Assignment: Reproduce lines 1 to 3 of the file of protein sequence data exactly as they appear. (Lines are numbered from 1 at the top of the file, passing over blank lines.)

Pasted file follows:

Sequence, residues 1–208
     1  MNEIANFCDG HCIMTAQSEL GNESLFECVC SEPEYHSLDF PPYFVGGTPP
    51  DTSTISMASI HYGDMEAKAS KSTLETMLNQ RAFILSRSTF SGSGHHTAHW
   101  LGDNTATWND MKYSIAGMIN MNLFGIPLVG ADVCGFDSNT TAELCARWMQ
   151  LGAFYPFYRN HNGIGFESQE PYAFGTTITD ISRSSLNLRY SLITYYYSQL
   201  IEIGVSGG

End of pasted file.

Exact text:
Sequence, residues 1–208
     1  MNEIANFCDG HCIMTAQSEL GNESLFECVC SEPEYHSLDF PPYFVGGTPP
    51  DTSTISMASI HYGDMEAKAS KSTLETMLNQ RAFILSRSTF SGSGHHTAHW